The Knauer store started in Gallatin in 1866 when Andrew Knauer established a merchant-tailor business. The business thrived. Whenever a person saw the Knauer label on a piece of clothing, they knew it had a quality that would last. The Knauer name was familiar to nearly every household in Daviess County.
The store started on the east side of the Gallatin square and relocated several times. In 1916 it was written that Andrew Knauer “engaged in the merchant tailoring shop in the old building where the I.O.O.F. Building now stands,” and one year later moved to the building which “stood at that time just south of the First National Bank. Two years later, he bought the old frame building that stood where the Murry Drug Co., building now stands.” And, in 1887, a 2-story building was erected.
The first Knauer store was very simple with only a floor space of 22×90 feet. Not much is said about the tailor business itself, except that Knauer products were of suburb quality.
The store had many sales at various times, but had a very special 9-day sale commencing on May 25, 1916, for the business’s 50th anniversary. A $15 reward was offered to the customer who registered after coming from the greatest distance and buying a suit for $15 or more. Knauer gave this winner a choice of a $15 clothcraft suit or $15 in gold. They also refunded all customers 10% off the amount of purchase of 50 cents or more.
In 1917 a shoe department was added. Shoes were displayed in a plate glass show window.
In 1920 Knauer announced in an advertisement that the business of 54 years would be closed so that he could take up other interests. He offered 20% to 30% off until all the clothing and furnishings were either sold or the business was purchased by another.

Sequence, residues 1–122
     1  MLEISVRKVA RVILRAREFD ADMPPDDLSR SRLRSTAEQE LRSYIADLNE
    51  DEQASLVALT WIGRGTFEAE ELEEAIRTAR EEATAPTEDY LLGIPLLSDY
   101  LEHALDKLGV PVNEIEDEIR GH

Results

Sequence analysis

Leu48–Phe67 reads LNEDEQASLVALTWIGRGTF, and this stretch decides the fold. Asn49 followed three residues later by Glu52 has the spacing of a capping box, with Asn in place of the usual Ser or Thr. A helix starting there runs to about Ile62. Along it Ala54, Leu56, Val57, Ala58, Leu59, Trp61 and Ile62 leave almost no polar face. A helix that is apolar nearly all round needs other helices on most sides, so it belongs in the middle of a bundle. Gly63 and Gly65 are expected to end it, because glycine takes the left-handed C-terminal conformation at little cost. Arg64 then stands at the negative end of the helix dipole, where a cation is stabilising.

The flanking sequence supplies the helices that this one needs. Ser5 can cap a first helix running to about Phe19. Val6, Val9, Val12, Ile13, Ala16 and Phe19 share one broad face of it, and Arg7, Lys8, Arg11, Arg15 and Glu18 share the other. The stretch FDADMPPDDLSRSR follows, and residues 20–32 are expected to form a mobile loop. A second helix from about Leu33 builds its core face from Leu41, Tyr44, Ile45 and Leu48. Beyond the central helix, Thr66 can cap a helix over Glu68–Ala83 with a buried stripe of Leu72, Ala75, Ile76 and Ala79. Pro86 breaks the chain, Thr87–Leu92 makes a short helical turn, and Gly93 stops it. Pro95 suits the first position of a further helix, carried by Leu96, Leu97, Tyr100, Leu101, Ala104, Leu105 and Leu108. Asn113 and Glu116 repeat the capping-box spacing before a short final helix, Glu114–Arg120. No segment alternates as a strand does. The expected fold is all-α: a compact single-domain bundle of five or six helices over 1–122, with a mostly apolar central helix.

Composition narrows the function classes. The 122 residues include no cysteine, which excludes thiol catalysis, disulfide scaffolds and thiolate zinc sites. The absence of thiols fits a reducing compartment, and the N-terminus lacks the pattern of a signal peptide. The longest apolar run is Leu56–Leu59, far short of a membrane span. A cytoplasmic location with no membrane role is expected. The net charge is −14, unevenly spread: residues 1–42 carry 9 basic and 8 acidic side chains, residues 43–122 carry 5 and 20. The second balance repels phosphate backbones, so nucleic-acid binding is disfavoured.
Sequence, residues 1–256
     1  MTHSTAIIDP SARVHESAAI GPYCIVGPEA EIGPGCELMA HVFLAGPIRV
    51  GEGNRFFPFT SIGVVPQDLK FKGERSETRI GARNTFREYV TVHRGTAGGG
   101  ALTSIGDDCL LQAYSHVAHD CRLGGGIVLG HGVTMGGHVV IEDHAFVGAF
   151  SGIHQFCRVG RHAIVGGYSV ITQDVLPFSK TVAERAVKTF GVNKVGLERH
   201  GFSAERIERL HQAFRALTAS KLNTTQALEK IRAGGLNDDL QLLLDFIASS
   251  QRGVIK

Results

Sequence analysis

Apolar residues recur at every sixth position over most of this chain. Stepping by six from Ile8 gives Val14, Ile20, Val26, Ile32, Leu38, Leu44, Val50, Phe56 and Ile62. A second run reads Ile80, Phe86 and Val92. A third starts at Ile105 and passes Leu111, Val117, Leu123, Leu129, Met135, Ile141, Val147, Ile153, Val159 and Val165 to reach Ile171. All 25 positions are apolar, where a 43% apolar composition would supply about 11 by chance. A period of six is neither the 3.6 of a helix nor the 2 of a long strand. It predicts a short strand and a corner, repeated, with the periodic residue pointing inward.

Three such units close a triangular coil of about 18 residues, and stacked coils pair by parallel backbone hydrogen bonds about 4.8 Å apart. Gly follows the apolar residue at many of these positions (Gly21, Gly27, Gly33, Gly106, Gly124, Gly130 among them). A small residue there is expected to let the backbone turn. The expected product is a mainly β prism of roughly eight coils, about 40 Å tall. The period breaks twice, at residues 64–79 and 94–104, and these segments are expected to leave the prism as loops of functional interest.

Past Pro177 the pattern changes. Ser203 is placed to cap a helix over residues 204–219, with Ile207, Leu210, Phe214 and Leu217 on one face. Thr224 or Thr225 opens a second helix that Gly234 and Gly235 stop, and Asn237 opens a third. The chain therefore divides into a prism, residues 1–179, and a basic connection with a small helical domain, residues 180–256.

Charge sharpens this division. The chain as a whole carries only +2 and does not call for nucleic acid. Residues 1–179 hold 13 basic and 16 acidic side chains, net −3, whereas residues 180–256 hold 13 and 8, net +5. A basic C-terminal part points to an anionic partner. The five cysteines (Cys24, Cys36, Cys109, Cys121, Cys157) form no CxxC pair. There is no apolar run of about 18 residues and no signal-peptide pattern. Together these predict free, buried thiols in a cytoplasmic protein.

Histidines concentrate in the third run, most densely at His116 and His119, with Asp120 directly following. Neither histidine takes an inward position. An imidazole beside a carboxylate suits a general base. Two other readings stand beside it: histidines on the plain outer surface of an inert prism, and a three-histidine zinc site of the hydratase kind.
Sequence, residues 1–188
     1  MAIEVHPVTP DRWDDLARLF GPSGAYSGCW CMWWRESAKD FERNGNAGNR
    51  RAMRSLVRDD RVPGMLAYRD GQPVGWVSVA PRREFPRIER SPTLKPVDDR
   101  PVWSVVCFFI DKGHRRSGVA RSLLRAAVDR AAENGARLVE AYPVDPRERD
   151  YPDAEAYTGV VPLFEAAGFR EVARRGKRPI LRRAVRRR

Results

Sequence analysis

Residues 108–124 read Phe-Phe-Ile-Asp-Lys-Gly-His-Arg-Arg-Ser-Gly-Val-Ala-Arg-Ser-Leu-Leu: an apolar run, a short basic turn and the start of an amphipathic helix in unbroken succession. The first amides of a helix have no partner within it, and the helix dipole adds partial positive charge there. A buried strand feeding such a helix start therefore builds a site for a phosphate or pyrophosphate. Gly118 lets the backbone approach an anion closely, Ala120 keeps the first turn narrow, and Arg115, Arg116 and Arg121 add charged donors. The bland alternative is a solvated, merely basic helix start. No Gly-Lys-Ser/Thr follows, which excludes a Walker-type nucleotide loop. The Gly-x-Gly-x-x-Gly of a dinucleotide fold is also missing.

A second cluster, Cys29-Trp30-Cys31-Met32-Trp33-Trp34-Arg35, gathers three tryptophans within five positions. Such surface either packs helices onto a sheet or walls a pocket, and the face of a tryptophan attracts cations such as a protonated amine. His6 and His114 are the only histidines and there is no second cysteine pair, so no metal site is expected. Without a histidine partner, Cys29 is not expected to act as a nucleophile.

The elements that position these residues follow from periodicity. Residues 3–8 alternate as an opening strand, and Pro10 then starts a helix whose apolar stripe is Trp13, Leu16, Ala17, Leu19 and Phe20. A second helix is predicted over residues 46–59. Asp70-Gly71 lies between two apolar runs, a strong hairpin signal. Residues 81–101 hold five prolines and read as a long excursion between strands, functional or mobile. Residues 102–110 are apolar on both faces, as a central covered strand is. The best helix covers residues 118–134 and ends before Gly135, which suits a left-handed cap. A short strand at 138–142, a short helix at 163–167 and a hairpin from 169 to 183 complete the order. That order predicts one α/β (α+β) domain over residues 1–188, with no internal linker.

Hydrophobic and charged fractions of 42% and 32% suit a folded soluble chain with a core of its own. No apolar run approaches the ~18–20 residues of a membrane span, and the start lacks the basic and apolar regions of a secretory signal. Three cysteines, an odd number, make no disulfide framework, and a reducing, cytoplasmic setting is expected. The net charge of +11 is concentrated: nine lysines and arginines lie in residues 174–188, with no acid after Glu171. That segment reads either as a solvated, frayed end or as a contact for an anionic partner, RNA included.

Newspaper accounts then go void concerning the Knauer store until 1927. The store was robbed for the third time in a 3-year period. During this robbery thieves entered through a basement window and started rummaging through and grabbing items off shelves. Two suitcases were opened and left setting on the counter …perhaps evidence of a quick departure. Both men’s and women’s clothing had been taken, at an estimated value of $250. There was no insurance to cover this loss. It was speculated that the crime was done by someone familiar with the store and area.
Another sale event attracted hundreds of people from miles around Gallatin in 1928. People who hadn’t visited the community in years joined Gallatin residents in attending the event. Prices were so low — 30, 40 or 50 cents on the dollar — that people made purchases even on unneeded items, to store them until they were needed. The big sale was conducted so that merchandise would be gone when interior improvements to the building were to be done.
Little else can be gleaned from local newspapers about A. Knauer & Son
— written by Wlibur Bush